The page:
The 2nd clause states the object and bus. of the Co. The 3rd relates to the cap., of which the directors might retain unallotted any number of shares they pleased, afterwards allotting them not below par, and any premium received thereon to be carried to credit of proprietors' account. The 4th clause provided that partners within one year after their admission were to "effect and keep on foot one or more assu. or assurances with the Co., either on his or her own life, or on the life or lives of one or more approved nominee or nominees, to an amount of not less than 10 sterling for every 4 shares of the stock subs. by each when 40 or more shares are held, and to the extent of £100 stg. when the partner holds fewer than 40 shares, or shall procure one or more approved substitutes," who should effect such ins., or that every orig. and future partner of the Co. shall transact such other bus. with the Co. as shall in the opinion of the ordinary directors produce an equal amount of profit to what would have been derived by the said Co. had an assurance been effected as above specified.' In default to pay a penalty of such an amount as should be likely to enforce observance. Partners should have right of profits and be liable for losses in proportion to shares held (c. 8). Partners may sell their shares, after offering them to the Co., directors to have 8 days to accept or decline purchase (c. 9). Partners becoming bankrupt to cease to be partners (c. 11). Assigner and assignee both liable for calls (c. 14). Partners disposing of their shares according to the regulations of the Co. to be relieved of all subsequent obligations (c. 17). Partners holding less than 10 shares to have no vote, then sliding scale-10 shares I vote, 300 shares 10 votes (c. 20).
Directors to have power to appoint a governor, deputy-governor, and extraordinary directors: qualification of ordinary directors 100 shares: annual remuneration of entire board not to exceed £500 (c. 22). Three directors to go out annually (c. 23). Directors to supply interim vacancies (c. 24). Directors to appoint manager and other officers (c.26). Regarding the sale of shares offered under power already named, when the shares offered are 20 or more in number, notice to be given in the Glasgow newspapers for at least 3 weeks of intended sale. "The directors to fix the time and place, when and where the roup or sale shall be made, to regulate the prices at which the shares shall be set up, and to lower the same if they shall think proper; to adjourn the sale from time to time; to receive and discharge the prices; and to assign and convey the shares to the purchaser," etc. (c. 29). The directors may purchase shares for behoof of Co. (c. 30). The following funds were to be opened and kept-"The Proprietors' Account," "The Assurance Account," "The Annuity Account, "The Endowment Account," "The Reversionary Account," and "The Accumulation Account." The books to be balanced yearly, and a state of the Co.'s affairs and valuation of the shares to be laid before the ann. gen. meeting. The gen. meeting may appoint a private committee to report upon state of affairs (c. 32). During the first year no dividend was to be paid; but the interest and profit, "after defraying the expenses attending the first year, to be retained to answer contingencies."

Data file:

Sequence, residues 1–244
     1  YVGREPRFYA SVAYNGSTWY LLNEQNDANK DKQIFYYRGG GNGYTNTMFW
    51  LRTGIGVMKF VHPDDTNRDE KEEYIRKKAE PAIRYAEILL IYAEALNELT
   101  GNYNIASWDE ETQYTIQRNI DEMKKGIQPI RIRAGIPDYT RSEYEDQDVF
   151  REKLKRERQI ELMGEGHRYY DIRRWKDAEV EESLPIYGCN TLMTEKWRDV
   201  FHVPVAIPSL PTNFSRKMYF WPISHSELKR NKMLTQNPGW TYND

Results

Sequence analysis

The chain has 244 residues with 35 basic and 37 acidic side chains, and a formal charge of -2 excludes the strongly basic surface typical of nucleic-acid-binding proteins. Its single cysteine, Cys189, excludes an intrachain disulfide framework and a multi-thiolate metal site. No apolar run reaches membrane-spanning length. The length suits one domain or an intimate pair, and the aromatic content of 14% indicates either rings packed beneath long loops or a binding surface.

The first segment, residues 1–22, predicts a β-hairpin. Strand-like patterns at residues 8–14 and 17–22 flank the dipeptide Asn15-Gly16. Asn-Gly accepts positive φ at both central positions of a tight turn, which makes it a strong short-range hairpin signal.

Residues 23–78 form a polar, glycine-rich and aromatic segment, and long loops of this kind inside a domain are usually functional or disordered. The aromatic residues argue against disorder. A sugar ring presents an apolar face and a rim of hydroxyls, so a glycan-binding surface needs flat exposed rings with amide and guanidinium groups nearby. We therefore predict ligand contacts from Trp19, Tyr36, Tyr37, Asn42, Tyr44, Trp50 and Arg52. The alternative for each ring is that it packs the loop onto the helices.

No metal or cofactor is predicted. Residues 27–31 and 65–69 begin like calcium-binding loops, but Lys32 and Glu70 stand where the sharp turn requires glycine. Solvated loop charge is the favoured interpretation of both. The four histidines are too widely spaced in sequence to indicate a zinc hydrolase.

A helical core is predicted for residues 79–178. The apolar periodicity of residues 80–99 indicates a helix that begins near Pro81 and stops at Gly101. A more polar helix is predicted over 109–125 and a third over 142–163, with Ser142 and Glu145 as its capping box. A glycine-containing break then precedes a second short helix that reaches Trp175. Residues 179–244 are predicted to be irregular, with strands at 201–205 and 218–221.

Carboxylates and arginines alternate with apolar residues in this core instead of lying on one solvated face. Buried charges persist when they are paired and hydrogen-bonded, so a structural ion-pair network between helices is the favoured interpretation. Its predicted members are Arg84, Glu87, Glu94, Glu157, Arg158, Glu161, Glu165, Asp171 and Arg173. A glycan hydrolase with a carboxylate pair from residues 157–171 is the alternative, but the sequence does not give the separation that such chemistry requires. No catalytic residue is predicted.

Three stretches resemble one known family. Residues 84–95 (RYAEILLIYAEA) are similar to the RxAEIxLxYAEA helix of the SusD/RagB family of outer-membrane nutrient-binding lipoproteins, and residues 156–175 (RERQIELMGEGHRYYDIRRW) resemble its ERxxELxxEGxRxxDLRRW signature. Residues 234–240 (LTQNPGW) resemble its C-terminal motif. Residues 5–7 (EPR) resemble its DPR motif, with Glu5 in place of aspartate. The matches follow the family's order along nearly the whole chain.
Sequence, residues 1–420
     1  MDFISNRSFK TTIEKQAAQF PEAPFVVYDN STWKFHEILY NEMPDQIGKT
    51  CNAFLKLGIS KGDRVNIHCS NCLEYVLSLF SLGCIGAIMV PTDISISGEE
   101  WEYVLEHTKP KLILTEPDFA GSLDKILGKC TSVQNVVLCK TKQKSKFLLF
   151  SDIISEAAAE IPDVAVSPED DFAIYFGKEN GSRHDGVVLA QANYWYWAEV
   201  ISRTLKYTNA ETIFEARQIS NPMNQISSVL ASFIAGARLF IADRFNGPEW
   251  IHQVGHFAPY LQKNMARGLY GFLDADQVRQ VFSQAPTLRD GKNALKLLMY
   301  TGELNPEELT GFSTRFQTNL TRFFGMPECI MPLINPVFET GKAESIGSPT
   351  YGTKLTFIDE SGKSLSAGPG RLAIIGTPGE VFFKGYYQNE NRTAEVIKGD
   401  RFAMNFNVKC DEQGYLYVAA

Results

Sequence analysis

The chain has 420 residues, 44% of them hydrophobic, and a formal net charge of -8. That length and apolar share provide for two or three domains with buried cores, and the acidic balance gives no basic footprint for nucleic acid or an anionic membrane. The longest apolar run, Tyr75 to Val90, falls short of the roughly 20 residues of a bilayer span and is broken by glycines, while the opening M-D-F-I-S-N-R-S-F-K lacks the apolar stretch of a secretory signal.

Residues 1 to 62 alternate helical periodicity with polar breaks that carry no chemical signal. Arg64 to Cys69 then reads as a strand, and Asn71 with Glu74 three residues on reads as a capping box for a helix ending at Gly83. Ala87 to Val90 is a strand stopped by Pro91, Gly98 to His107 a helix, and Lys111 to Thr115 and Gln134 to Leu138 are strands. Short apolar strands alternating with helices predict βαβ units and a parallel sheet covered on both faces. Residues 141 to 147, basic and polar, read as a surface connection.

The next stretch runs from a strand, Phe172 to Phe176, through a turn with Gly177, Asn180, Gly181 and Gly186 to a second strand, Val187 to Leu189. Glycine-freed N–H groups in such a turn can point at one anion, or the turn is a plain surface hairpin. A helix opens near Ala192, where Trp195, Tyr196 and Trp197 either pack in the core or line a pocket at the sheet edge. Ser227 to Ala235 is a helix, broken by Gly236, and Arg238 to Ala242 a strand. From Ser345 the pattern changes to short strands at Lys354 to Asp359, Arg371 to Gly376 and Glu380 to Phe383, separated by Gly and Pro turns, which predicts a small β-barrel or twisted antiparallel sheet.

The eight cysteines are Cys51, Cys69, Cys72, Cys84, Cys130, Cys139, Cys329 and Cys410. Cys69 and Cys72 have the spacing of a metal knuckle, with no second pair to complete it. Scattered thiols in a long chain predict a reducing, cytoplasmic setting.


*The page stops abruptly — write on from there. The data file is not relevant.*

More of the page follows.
It is hereby provided and declared, that it shall be in the power of the ordinary directors to make such regulations as they may think fit for the purpose of allowing persons who shall effect pol. to parti. in the profits arising from the class of bus. in which they may be respectively concerned, and that to such extent, and upon such terms and conditions, as the ordinary directors may from time to time think proper for encouraging the bus. of this Co. (sec. 33).
[It had in the first instance been intended that the Co. should be strictly proprietary; but this idea was abandoned.]
All disputes to be settled by arbitration (c. 35). Provisions as to mode in which Co. may be wound up (c. 37, 38). Then a nice little piece of Scotch law, viz.: